Two New Orleans charters, both from the Algiers charter chain, are closing. Read the article to see what is happening to the students. They are moved around like pieces on a giant checker board.

A few months ago, the Education Research Alliance of Tulane University published a report about the success of the New Orleans charter model (Formula: get a natural disaster to wipe out high-poverty neighborhoods and many schools, reduce enrollment by 1/3, change the overall demographics, fire all the teachers and bring in TFA, eliminate the union, replace public schools with private charters, open selective charters for the “best” kids, segregate the poorest black kids, put the structure under an uncritical State board elected with help from out-of-State billionaires, and VOILA! A school miracle!).

But not quite.

Bruce Baker pointed out that the ERA’s glowing report about the privatization of NOLA ignored the significant addition of new funding and the reduction of concentrated poverty after Hurricane Katrina, which together might have accounted for any gains.

Mercedes Schneider analyzed the NOLA data and found that New Orleans has the state’s highest performing schools (selective admissions) and the state’s lowest performing schools. Forty percent (40%) of the charters in the New Orleans district are failing schools, rated as D or F by the state. This latter group enrolls high numbers of poor and black students.

Not a model for the nation, if you care about equity.

According to the data in Mercedes Schneider’s report, the two schools that are closing have 670 students. Only two are white. More than 95% of the students in these schools are poor.

From the article about the closure of the two charters:

Two charter schools located in Algiers are set to close next June after failing to meet the standards required for charter renewal. The Algiers Charter Schools Association announced it will close William J. Fischer Accelerated Academy and McDonogh No. 32 Literacy Charter School in 2019.

In addition, McDonogh No. 32 students will relocate to the Fischer campus on Wednesday (Oct. 24) when the Algiers Charter network returns from fall break. School leaders decided to house both schools in the campus at 1801 L.B. Landry Avenue for the remainder of the school year because of low enrollment at both schools.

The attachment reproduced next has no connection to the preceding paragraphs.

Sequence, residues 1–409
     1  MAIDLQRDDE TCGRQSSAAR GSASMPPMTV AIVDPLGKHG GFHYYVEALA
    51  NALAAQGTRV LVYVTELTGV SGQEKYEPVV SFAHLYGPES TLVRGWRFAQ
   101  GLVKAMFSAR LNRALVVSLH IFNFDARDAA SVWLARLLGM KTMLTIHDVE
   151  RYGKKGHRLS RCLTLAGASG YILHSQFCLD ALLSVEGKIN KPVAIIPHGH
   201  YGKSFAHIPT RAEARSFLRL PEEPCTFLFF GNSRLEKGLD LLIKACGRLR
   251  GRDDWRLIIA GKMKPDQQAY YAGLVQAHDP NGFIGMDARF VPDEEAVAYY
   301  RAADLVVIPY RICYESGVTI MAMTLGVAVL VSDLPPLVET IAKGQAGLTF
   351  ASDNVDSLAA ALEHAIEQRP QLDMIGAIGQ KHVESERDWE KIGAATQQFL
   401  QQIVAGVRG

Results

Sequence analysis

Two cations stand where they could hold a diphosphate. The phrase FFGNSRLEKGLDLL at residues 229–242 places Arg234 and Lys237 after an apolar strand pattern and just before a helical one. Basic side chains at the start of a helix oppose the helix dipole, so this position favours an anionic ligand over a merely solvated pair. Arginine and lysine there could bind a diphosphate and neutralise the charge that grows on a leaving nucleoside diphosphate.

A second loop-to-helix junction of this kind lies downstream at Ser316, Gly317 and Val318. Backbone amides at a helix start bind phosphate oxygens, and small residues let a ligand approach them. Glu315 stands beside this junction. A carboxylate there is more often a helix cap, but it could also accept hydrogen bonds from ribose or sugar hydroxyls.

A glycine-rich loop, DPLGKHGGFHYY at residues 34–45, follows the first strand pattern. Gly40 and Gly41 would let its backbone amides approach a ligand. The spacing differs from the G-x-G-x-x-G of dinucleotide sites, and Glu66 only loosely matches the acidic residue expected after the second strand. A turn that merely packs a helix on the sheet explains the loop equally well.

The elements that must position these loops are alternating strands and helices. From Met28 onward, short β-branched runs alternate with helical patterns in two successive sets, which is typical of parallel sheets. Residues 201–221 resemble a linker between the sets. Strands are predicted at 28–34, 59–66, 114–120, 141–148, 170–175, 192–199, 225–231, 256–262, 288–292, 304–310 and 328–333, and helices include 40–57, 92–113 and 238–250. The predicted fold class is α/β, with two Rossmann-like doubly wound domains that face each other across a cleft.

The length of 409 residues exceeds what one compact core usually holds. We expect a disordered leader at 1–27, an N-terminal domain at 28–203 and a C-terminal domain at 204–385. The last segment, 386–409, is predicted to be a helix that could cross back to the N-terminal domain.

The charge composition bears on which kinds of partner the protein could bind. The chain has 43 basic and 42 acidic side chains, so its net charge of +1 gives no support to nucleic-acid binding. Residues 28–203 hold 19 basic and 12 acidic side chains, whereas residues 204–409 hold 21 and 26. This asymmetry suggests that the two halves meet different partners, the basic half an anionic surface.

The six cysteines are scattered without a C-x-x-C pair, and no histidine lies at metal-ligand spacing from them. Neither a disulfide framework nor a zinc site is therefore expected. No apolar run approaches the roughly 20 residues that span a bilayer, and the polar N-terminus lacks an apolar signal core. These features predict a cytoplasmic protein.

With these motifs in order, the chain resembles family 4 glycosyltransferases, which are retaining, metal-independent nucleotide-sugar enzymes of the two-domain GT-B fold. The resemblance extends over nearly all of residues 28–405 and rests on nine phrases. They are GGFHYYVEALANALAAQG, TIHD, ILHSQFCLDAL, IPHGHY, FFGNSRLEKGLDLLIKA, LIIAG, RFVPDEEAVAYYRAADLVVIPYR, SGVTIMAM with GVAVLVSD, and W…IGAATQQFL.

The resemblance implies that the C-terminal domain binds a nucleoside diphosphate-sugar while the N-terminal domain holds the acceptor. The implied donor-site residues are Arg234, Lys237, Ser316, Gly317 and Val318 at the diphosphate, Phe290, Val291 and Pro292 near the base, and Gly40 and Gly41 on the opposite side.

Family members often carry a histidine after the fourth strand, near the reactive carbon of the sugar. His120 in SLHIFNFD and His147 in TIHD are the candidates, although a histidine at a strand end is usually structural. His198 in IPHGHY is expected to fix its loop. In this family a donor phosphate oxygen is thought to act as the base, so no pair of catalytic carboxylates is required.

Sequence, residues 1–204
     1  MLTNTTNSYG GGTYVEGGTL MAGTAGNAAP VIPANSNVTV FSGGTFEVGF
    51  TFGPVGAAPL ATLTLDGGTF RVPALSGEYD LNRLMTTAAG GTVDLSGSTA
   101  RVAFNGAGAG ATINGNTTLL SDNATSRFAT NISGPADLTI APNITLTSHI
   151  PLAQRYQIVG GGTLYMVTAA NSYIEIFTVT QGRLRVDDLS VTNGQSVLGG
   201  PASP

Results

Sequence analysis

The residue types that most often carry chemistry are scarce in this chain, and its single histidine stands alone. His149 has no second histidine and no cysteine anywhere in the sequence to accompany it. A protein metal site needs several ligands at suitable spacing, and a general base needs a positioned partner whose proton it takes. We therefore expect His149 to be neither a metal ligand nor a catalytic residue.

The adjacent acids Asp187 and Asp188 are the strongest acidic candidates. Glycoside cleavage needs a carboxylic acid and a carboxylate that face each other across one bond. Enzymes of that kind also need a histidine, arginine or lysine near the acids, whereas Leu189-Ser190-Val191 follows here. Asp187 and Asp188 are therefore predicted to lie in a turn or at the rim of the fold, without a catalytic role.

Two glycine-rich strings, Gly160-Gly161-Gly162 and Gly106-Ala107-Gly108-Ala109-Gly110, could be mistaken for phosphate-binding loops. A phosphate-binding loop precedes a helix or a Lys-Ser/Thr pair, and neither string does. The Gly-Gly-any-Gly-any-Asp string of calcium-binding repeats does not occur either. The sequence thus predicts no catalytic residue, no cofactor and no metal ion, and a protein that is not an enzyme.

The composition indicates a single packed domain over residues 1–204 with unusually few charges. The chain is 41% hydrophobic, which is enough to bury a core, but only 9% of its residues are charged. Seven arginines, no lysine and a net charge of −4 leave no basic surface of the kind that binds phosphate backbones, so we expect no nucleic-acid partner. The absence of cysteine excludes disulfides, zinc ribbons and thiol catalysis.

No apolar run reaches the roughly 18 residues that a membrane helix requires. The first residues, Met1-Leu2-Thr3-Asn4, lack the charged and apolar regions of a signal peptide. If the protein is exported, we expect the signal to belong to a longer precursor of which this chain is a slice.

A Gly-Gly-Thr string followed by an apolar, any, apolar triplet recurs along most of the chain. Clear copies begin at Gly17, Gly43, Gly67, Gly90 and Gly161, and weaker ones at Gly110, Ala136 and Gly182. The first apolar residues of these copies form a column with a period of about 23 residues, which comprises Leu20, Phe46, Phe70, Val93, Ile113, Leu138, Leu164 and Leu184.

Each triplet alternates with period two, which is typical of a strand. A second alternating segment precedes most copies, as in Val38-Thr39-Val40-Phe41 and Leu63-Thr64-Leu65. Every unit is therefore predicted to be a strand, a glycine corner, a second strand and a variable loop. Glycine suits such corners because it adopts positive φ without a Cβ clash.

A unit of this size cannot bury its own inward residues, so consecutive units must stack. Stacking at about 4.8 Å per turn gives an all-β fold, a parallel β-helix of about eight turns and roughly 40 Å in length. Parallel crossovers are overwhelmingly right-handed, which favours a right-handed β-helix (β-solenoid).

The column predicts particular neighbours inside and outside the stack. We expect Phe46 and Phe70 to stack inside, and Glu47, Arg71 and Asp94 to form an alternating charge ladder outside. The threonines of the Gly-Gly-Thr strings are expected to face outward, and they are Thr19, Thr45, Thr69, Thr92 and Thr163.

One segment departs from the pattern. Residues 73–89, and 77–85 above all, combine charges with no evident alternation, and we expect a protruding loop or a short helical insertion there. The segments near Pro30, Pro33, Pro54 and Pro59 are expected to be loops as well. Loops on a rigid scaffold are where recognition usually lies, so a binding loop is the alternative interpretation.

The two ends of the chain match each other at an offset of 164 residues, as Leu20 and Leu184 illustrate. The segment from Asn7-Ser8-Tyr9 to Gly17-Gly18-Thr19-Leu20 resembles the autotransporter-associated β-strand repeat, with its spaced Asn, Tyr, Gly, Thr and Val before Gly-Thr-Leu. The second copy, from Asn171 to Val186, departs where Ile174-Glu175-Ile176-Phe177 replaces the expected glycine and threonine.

In an Oct. 5 letter to parents, Algiers Charter Interim CEO Stuart Gay said the changes are part of an effort “to stabilize our classrooms through the 2018-2019 school year and to ensure the best academic year possible for our students.”

Though the two schools will be under the same roof, students will keep their respective uniforms and the schools will operate individually, each with their own principals, according to relocation details provided by the charter network on its website. McDonogh No. 32 Pre-K, kindergarten and 1st grade classrooms will be located on the first floor of the Fischer building. All other McDonogh classrooms will be located on the second floor.

Additionally, all McDonogh No. 32 students who are currently in 8th grade will receive a McDonogh diploma. Students grades K-7 from McDonogh No. 32 and Fischer will receive “closing school priority” in OneApp, the city’s centralized enrollment system, for next school year. That means Fischer and McDonogh No. 32 students will be first in line when schools start filling seats for the 2019-20 school year, even ahead of other priority students like those with siblings already enrolled or who live close to a school. That priority is only given to students exiting closing schools.

The academy was one of four schools in the city that serves students expelled from other schools.

Tammi Griffin-Major, Algiers Charter’s chief of staff, declined to comment Tuesday morning on the changes and planned closures.

Financial audits from the Louisiana Legislative Auditor’s office show Algiers Charter Schools Association had $45.3 million in revenue last year. Its expenses were more than $44.9 million. The network currently operates four schools — Fischer, McDonogh No. 32, Martin Behrman Charter School and L.B Landry-O.P. Walker College and Career Preparatory High School.

Miracle? Not for these children.